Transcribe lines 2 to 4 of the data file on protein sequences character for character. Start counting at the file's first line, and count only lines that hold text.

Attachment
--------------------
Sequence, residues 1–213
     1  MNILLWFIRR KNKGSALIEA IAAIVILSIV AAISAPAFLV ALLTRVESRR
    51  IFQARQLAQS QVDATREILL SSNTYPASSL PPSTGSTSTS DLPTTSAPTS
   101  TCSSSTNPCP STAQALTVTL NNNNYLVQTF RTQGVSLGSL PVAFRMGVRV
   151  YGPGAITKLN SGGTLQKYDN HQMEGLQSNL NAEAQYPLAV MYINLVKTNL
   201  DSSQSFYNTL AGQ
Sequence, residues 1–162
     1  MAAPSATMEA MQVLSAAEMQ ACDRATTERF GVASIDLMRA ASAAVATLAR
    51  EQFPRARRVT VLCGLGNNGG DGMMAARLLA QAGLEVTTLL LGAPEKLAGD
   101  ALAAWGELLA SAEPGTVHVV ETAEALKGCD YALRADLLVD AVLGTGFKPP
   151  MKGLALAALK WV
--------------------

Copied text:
     1  MNILLWFIRR KNKGSALIEA IAAIVILSIV AAISAPAFLV ALLTRVESRR
    51  IFQARQLAQS QVDATREILL SSNTYPASSL PPSTGSTSTS DLPTTSAPTS
   101  TCSSSTNPCP STAQALTVTL NNNNYLVQTF RTQGVSLGSL PVAFRMGVRV